CONQRR: Conversational Query Rewriting for Retrieval with Reinforcement Learning
    Ellen Wu
    Yi Luan
    Hannaneh Hajishirzi
    Mari Ostendorf
    The 2022 Conference on Empirical Methods in Natural Language Processing(2022)
    Preview abstract Compared to standard retrieval tasks, passage retrieval for conversational question answering (CQA) poses new challenges in understanding the current user question, as each question needs to be interpreted within the dialogue context. Moreover, it can be expensive to re-train well-established retrievers such as search engines that are originally developed for non-conversational queries. To facilitate their use, we develop a query rewriting model CONQRR that rewrites a conversational question in the context into a standalone question. It is trained with a novel reward function to directly optimize towards retrieval using reinforcement learning and can be adapted to any off-the-shelf retriever. CONQRR achieves state-of-the-art results on a recent open-domain CQA dataset containing conversations from three different sources, and is effective for two different off-the-shelf retrievers. Our extensive analysis also shows the robustness of CONQRR to out-of-domain dialogues as well as to zero query rewriting supervision. View details
    Evaluating Attribution in Dialogue Systems: The BEGIN Benchmark
    Nouha Dziri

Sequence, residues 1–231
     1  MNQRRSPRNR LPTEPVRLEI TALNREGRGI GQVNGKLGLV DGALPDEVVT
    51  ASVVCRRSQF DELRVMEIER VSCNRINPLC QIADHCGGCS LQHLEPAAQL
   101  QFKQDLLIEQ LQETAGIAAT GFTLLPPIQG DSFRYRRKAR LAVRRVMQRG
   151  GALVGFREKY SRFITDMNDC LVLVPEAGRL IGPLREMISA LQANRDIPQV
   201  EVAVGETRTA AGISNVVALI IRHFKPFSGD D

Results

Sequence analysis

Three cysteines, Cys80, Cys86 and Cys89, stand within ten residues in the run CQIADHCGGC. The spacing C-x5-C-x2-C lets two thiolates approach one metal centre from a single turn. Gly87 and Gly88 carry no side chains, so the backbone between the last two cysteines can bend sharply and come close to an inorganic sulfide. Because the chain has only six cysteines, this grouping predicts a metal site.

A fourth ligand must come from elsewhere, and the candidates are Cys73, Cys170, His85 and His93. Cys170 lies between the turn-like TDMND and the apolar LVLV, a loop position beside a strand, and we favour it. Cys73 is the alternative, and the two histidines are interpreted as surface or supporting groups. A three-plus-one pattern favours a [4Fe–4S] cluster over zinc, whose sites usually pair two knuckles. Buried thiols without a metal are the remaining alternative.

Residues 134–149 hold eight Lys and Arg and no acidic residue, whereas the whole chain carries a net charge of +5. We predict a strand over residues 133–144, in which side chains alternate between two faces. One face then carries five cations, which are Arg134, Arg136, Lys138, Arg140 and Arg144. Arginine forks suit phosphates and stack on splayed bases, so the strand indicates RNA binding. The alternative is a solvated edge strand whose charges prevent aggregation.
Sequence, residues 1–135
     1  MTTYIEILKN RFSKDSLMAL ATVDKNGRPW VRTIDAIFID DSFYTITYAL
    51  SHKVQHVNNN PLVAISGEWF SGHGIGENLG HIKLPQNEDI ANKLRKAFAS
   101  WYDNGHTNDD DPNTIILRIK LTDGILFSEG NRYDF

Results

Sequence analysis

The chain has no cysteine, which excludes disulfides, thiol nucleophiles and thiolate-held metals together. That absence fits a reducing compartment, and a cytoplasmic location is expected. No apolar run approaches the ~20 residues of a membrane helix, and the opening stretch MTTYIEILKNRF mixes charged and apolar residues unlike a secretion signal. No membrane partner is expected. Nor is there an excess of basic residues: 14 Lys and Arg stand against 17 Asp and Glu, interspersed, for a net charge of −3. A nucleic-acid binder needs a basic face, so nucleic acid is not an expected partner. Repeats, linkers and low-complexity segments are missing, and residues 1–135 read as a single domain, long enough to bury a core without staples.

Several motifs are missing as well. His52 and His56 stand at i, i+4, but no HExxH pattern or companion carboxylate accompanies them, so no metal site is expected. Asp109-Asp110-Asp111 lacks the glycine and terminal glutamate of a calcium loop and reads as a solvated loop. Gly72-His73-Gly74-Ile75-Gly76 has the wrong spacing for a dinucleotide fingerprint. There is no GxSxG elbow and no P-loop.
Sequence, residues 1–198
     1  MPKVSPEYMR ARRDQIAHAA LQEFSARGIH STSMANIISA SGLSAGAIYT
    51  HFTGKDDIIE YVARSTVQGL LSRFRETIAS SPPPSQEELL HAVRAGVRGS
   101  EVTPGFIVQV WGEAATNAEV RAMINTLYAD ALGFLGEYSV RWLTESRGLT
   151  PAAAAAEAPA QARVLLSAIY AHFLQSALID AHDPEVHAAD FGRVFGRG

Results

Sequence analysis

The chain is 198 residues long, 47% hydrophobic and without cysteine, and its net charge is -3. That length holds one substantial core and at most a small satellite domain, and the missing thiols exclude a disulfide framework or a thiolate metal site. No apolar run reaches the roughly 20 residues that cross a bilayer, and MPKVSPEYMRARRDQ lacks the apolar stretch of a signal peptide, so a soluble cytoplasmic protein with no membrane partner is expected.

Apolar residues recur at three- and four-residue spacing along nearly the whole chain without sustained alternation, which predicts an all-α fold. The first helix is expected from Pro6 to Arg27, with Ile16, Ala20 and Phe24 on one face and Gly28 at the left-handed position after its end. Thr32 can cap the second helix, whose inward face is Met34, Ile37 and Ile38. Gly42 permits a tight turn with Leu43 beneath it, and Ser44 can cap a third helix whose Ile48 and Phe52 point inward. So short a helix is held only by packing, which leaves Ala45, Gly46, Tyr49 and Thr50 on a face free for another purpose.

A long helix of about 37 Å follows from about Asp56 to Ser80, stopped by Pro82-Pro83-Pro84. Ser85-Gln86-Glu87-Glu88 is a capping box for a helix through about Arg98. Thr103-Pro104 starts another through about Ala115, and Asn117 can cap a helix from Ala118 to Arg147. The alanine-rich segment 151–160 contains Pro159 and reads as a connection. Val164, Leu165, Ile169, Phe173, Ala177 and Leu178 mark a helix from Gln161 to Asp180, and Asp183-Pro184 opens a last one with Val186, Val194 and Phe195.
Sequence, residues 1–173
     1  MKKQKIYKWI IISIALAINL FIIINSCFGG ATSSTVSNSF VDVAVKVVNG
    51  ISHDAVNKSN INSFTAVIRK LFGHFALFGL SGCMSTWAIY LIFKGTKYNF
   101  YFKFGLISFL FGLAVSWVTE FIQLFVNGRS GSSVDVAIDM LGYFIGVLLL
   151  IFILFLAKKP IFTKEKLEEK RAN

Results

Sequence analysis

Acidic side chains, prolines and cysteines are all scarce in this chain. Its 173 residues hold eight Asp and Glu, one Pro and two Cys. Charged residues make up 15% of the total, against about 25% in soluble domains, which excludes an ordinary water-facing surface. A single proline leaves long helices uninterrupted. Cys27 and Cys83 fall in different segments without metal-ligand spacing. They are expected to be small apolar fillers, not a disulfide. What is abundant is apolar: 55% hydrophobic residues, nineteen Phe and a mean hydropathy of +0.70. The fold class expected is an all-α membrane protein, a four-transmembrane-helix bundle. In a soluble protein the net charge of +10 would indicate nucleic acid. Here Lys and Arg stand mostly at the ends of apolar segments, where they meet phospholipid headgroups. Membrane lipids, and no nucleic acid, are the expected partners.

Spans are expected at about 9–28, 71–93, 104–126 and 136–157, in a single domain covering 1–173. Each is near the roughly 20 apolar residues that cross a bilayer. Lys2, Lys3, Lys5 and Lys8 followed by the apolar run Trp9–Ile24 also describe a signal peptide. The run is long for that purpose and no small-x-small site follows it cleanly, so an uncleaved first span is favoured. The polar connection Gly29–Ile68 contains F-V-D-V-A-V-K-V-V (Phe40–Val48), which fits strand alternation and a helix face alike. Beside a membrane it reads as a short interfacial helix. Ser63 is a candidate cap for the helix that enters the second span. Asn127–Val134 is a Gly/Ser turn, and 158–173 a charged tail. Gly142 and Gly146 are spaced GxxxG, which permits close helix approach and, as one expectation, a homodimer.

Tal Linzen
    Transactions of the Association for Computational Linguistics, 10(2022), 1066–1083
    Preview abstract Knowledge-grounded dialogue systems powered by large language models often generate responses that, while fluent, are not attributable to a relevant source of information. Progress towards models that do not exhibit this issue requires evaluation metrics that can quantify its prevalence. To this end, we introduce the Benchmark for Evaluation of Grounded INteraction (Begin), comprising 12k dialogue turns generated by neural dialogue systems trained on three knowledge-grounded dialogue corpora. We collect human annotations assessing the extent to which the models’ responses can be attributed to the given background information. We then use Begin to analyze eight evaluation metrics. We find that these metrics rely on spurious correlations, do not reliably distinguish attributable abstractive responses from unattributable ones, and perform substantially worse when the knowledge source is longer. Our findings underscore the need for more sophisticated and robust evaluation metrics for knowledge-grounded dialogue. We make Begin publicly available at https://github.com/google/BEGIN-dataset. View details